Between the COVID-19 pandemic and the recurring air quality issues related to wildfires throughout California, it is hard to imagine a more relevant project for future engineers than one involving air filtration.
In collaboration with Quest Science Center, the Engineering Design and Development class of the Green Engineering Academy (GEA) at Livermore High School participated in a design challenge to build, evaluate, test, document, and present results for a low-cost air purifier that addresses requirements for healthy indoor air filtration. Nine teams of three students each were given a baseline design and building materials for a DIY air purifier known as the Corsi-Rosenthal Air Purifier. These materials included a 20-inch box fan, furnace air filters, and testing equipment, and were provided to students through collective donations made to the Quest Science Center by The Livermore Valley Education Foundation (LVEF) and Sandia National Laboratories.
Student teams were assigned to different areas of the campus and were challenged to find vulnerable spaces that could benefit from the addition of an air purifier. They were tasked with creating a box fan filter design that best fit the identified location and the population it serves. Retired scientists and Quest members Rick Stulen, Vaughn Draggoo, and Joel Bowers served as advisors and mentors to students throughout the design process with oversight from Quest’s Chief Learning Officer, Caleb Cheung.
“This project has been super eye-opening, since I never really knew that there was such an approachable way to create air filtration systems with such accessible materials. If done correctly, these devices could make a lot of public indoor spaces much safer, while being relatively inexpensive. My hopes with this project are that some effective designs will become viable options in the community, especially with the winter months coming up. It has been great getting guidance from people that work or have worked in this field before. It’s a great opportunity to do a project that has real-life positive impacts,” expressed senior Avery Loll.
Students assembled and tested the performance of their unique purifier design over a three-week period, and presented their results to a panel of engineers, scientists, and other industry professionals on November 19, 2021 in the Livermore High Student Union. The panel included Walter Blevins, Director of Maintenance and Operations for Las Positas College; Beth Dzenitis, a senior project engineer at Lawrence Livermore National Laboratory (LLNL); Buddhinie Jayathelake, electrochemist and postdoctoral researcher on energy and climate at LLNL; Jack Kotovsky, Micro and Nano Technology Section Leader at LLNL; and Phoebe Shamp, an environmental safety and healthprofessional at Sandia National Laboratories. The panel offered feedback and asked clarifying questions of students around the design and outcomes of their projects.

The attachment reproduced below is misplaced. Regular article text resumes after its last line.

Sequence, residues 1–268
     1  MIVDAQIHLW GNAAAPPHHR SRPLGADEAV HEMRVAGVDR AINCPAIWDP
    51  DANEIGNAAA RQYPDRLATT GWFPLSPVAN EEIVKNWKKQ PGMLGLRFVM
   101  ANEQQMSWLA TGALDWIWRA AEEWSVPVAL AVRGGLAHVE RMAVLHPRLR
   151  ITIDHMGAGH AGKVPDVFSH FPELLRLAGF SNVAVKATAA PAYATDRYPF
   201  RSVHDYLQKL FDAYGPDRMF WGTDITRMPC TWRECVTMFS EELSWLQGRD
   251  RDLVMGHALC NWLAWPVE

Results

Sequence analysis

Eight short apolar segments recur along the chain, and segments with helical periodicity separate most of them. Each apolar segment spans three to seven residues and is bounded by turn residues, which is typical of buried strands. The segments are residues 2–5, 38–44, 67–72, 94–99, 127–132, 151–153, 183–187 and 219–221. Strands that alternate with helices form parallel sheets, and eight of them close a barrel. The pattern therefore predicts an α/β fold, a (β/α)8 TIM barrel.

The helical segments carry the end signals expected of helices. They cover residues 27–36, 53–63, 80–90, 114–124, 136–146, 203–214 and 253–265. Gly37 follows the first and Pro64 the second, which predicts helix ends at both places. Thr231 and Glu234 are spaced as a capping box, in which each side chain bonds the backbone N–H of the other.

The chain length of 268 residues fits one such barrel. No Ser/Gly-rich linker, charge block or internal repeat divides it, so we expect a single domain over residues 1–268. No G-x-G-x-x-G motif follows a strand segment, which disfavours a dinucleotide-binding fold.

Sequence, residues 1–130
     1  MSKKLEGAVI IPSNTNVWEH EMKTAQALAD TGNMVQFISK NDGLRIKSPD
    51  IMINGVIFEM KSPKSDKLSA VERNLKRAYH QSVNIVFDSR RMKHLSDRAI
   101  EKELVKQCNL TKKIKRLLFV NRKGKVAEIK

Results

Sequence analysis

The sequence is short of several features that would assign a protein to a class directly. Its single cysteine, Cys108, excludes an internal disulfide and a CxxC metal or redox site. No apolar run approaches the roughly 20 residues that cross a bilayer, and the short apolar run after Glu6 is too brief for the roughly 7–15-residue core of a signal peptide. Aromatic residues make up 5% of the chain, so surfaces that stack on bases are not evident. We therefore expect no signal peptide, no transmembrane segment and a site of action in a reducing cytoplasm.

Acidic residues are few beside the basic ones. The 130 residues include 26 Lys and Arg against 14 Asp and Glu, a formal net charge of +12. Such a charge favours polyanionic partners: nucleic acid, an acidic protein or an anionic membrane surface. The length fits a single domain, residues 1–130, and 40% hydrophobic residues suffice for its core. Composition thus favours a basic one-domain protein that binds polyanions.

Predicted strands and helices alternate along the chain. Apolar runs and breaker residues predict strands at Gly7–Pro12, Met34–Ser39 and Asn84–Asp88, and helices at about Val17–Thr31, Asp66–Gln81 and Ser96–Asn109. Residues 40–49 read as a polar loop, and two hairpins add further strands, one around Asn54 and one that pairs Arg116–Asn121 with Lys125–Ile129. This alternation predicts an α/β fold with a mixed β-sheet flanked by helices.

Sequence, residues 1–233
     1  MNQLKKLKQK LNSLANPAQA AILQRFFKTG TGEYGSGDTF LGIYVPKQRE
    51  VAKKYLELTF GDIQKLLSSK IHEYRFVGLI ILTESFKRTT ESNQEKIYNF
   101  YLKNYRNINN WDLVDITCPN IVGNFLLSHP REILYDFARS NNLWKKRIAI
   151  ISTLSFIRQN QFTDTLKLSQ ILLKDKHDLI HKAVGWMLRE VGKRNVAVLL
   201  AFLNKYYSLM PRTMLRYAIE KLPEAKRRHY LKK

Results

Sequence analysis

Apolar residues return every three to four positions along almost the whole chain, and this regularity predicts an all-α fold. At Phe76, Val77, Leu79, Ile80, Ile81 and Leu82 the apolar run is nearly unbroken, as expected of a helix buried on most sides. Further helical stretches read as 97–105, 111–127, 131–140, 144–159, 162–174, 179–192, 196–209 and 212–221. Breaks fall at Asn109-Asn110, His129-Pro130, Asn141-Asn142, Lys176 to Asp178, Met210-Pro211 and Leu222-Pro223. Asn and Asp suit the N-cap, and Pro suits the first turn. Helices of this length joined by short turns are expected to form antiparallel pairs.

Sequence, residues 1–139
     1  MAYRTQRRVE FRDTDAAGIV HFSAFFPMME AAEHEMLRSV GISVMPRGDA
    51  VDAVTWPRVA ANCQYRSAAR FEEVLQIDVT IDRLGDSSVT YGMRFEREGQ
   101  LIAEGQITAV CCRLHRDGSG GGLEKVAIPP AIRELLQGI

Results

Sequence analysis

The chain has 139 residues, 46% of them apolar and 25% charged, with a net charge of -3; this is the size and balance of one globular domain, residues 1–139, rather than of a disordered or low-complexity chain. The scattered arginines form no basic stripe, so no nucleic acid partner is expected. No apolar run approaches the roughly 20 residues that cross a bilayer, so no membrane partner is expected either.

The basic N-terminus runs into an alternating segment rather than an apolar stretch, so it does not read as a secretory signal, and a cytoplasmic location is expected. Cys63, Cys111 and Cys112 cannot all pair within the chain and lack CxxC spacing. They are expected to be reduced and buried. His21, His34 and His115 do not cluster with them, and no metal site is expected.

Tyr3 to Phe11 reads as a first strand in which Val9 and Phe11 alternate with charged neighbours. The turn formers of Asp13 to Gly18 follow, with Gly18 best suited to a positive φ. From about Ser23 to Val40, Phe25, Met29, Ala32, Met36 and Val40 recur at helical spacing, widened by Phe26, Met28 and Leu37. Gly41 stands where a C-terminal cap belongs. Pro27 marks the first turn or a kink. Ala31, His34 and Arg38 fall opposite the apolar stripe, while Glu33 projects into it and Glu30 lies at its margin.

“We are always looking for ways to get students to work on relevant hands-on projects and I am grateful that our students had the chance to work with mentors from Quest. At the beginning, I thought all the student teams would create the same design for the Corsi-Rosenthal Box Fan Filter. However, because teams were assigned to different areas of the school (gym, student union, band, theater, choir, classrooms) with different clients in mind, we received nine, uniquely designed, low-cost air purifiers,” shared GEA teacher, Dorothy Morallos.
With a community brimming with scientists from two national laboratories and financial support from community partners who value STEM education, Quest and the Livermore Valley Joint Unified School District (LVJUSD) look forward to future learning opportunities that bring the community and students together. “This was a wonderful opportunity to build our partnership with LVJUSD and consider exciting future collaborations as well. This is a great example of Quest’s mission to provide experiences that nurture skills for our students to thrive in today’s technological world,” stated Monya Lane, CEO of Quest. LVJUSD Superintendent Kelly Bowers added, “Collaborations like this remind us of how fortunate we are to educate students in a thriving scientific community. Our students will be able to apply these experiences to their post-secondary education and future careers.”
Photos Courtesy of Quest Science Center and LVJUSD
ABOUT LIVERMORE VALLEY JOINT UNIFIED SCHOOL DISTRICT
LVJUSD is an award-winning district that serves more than 13,300 students in transitional kindergarten through 12th grade at nine elementary campuses, two K-8 schools, three middle schools, two comprehensive high schools, and two alternative schools. The LVJUSD features International Baccalaureate Programmes and a STEM pathway, TK-12. The mission of the Livermore Valley Joint Unified School District is to ensure each student will graduate with the skills needed to contribute and thrive in a changing world. For more information about the Livermore Valley Joint Unified School District, please visit http://www.livermoreschools.org
ABOUT QUEST SCIENCE CENTER
Quest Science Center is committed to fostering inclusion and creating a welcoming experience, so people of all backgrounds feel a sense of belonging and excitement in the exploration of science. Quest’s vision and mission is to connect everyone to the value of science by inspiring and nurturing everyday exploration for lifelong engagement with science and technology. For more information, visit http://www.quest-science.org.
School Board President Craig Bueno, email@example.com (925) 973-9311
Superintendent of Schools Kelly Bowers, Ed.D. firstname.lastname@example.org (925) 606-3281
Coordinator of Community Engagement Michelle Dawson, email@example.com (925) 960-2917